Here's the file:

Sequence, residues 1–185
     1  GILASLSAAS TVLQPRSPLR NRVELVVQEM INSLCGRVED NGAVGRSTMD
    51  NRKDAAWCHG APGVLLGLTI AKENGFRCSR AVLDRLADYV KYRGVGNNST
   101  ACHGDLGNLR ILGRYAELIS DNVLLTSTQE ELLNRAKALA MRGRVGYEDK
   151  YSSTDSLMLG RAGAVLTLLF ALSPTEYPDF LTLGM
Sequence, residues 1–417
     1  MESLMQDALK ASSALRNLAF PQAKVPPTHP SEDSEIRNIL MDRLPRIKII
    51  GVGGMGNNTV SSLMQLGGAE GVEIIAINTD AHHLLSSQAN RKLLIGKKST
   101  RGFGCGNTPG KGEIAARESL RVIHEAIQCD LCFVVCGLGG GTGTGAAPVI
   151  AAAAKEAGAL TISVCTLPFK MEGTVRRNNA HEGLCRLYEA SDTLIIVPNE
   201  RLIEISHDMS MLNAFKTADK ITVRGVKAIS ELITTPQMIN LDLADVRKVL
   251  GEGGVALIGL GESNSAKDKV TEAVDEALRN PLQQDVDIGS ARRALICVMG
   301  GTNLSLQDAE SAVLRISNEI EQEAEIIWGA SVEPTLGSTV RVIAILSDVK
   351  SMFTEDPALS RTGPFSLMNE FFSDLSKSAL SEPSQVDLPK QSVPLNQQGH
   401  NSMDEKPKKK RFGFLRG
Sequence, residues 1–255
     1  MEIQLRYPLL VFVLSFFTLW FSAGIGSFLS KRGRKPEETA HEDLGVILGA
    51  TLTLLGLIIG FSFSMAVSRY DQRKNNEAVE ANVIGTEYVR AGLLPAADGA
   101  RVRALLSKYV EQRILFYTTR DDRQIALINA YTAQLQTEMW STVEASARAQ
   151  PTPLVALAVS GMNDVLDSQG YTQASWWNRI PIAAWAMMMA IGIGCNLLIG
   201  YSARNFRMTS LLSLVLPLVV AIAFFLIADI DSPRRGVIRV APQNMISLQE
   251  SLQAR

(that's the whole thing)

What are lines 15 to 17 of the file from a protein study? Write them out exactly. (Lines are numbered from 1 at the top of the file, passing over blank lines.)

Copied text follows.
   401  NSMDEKPKKK RFGFLRG
Sequence, residues 1–255
     1  MEIQLRYPLL VFVLSFFTLW FSAGIGSFLS KRGRKPEETA HEDLGVILGA